React or Create – Your Choice

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Think about a time when you lost your car keys, and you are already running late.

You know that they have to be somewhere in your house, and you almost sure that you left them in the kitchen, but you can't see them anywhere.

You feel the stress build and know that doesn’t help, but it’s seems impossible to stop all your negative thoughts and emotions.

Negative emotions are very strong and our body is wired for a quick response to negativity.

This happens because negative emotions have a survival value.

Think about our ancestors, tens of thousands years ago somewhere in the African continent. If they saw a lion they had to react fast. This response saved their lives.

Nowadays, we don’t have to run away from lions. However, if we cross the road, and see a car coming fast, we are thankful that we are wired to react and move away just in time to not be hurt.

Negative emotions can be good. They can save our lives. They can signal danger.

The problem is not negative emotions–the problem is that we stay stuck on them.

Think about driving a car. When we touch the accelerator we want to feel something happen. Our nervous system is wired to quickly activate us for a fight or flight response. It’s as if we have a sports car accelerator within us. Small touch–big reaction.

Thankfully, we also have a brake system. We are also wired to relax. This system slows us down like the brakes of an old car– it takes time.

The challenge that many of us face is that we stay stuck with our feet on the accelerator – even after the danger is over.

It’s difficult to release the accelerator and start to activate the brakes.

In other words, we cannot avoid negative emotions and sometimes they be life savers.
The problem is staying stuck in the negativity.

[Tweet “The problem is staying stuck in the negativity”]

It’s also true, that some people tend to stay stuck more than others.

For some people it’s easy to become like a mouse on the treadmill–running, and running, and not going anywhere.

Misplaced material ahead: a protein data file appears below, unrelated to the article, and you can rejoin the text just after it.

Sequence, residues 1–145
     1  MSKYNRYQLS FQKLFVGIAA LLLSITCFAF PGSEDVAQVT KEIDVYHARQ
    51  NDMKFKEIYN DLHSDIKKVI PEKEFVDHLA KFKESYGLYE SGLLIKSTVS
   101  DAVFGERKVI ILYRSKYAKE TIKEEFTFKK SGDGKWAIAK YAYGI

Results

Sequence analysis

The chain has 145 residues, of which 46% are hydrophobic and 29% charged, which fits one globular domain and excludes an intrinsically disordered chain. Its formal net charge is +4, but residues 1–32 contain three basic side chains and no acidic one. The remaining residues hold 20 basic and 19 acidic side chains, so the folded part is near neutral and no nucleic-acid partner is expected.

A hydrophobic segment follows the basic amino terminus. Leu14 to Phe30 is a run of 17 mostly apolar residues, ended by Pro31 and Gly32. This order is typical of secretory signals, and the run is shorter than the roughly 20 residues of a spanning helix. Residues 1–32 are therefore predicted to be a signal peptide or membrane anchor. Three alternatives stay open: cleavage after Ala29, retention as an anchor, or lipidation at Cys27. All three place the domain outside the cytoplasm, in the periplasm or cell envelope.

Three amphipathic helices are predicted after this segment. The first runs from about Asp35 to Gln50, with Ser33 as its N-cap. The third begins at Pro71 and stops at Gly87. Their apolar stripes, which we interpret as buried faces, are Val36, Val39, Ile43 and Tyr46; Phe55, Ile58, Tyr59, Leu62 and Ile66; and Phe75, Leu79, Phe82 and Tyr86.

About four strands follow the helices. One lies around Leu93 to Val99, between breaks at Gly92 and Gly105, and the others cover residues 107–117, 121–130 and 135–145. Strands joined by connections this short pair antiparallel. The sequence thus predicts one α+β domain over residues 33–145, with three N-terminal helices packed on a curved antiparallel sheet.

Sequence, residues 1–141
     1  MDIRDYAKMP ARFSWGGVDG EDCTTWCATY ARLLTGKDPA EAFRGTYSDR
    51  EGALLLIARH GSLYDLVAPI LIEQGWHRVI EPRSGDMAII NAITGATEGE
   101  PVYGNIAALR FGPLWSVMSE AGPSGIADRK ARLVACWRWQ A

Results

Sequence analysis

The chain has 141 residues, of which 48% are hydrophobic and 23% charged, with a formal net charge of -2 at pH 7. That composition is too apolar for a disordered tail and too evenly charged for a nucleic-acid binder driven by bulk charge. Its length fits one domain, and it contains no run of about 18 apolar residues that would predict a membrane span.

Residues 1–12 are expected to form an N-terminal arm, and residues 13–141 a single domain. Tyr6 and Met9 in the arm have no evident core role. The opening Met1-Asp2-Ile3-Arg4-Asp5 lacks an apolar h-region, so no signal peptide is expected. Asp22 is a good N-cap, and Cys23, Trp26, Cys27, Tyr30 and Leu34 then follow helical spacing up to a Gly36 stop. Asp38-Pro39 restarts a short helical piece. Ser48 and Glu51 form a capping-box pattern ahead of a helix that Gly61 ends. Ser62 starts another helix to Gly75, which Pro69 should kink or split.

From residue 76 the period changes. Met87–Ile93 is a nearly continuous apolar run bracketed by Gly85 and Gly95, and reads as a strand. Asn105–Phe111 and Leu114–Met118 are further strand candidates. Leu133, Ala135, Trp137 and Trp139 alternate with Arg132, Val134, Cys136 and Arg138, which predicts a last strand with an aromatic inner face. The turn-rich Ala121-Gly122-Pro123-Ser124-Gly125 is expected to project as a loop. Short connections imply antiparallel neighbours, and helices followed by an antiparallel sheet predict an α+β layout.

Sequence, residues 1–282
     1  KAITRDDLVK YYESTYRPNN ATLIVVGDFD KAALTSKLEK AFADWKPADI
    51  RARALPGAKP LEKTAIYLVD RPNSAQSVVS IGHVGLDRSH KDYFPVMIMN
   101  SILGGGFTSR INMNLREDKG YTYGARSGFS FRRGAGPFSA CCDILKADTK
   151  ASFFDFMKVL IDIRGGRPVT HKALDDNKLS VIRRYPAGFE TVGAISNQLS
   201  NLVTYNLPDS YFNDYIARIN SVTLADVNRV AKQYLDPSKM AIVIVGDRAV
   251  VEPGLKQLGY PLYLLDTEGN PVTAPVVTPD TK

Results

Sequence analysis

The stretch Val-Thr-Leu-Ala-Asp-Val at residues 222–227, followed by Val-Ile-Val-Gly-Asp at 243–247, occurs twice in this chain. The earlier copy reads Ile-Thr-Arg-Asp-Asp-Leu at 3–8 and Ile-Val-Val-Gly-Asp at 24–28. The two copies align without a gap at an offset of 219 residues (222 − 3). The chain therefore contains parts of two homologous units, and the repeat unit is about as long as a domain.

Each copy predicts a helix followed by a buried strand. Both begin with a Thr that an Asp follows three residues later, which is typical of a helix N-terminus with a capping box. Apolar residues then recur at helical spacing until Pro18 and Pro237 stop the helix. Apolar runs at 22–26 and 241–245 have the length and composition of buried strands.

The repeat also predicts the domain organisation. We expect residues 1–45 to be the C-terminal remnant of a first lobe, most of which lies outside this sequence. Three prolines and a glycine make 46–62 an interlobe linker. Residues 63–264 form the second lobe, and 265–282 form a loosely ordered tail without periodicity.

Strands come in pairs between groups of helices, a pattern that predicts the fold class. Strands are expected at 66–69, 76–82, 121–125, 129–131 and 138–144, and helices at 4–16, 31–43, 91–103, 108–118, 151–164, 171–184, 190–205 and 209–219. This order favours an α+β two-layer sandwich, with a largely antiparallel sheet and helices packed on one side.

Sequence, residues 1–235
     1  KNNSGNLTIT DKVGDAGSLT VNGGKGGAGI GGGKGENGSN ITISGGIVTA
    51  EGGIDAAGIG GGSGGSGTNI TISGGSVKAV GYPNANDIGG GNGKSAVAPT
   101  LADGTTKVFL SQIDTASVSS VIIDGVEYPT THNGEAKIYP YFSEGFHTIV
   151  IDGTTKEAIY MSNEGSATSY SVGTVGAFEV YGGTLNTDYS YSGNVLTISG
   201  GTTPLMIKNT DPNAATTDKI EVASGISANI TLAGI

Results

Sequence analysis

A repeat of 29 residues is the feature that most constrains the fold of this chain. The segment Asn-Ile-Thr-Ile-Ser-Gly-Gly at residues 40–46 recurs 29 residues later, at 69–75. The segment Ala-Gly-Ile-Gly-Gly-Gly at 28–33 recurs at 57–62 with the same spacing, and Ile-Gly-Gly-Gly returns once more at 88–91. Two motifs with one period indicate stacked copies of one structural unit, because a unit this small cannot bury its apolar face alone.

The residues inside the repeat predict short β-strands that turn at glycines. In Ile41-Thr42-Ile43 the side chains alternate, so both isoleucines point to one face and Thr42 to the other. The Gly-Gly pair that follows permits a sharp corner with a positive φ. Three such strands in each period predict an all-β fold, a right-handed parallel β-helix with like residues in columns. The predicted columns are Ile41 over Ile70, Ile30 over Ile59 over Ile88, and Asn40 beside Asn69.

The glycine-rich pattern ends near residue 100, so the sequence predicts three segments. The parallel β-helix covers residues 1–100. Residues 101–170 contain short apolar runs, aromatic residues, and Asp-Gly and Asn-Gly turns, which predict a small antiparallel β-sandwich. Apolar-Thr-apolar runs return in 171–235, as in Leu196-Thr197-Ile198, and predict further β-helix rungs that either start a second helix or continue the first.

Putting fires out all day long. Feeling stress and anxiety.

This is a reactive mode, and it’s so easy to stay stuck there.

Other people are more like cats. They can relax easily after running very fast.

They enjoy the adrenaline and they know how to enjoy the rest time too.

The tendency to be more like a mouse or a cat, has a lot to do with our genes.

Positive Psychology research shows that our general well being is determined:

  • 50% by a genetic set point
  • 10% by life circumstances
  • 40% by intentional activity, what we do and what we think

This 40% is the silver lining.

We can learn to become more like cats.

Think about this quote that Stephen Covey attributes to Viktor Frankl:

“Between stimulus and response there is a space.
In that space is our power to choose our response.
In our response lies our growth and our freedom.”

I love this quote because, we usually see a stimulus as something that activates a response almost automatically.

There Frankl sees a space.

A brief space where we have the power to choose our response.

A brief space where we can learn to be creators of our lives and not just be reactors.

Try this:

Write the word “reactivity.”

Move that “c” to the beginning of the word.

What word do you read now?

Quite amazing!

Small changes can produce big changes.

Some of us have to work harder than others to slow down and to stop reactivity cycle. Yet, we can learn to relax and create a more intentional outcome.

If you fell like the mouse on the wheel, it's wonderful to realize that you can learn to be more like a cat.

[Tweet “We can learn to become more like cats”]

Think about the possibilities, and how this helps you to make a bigger difference as a self-employed professional.

Love to read your comments 🙂


About Viktor Frankl –

Previous episode where I spoke about Viktor Frankl –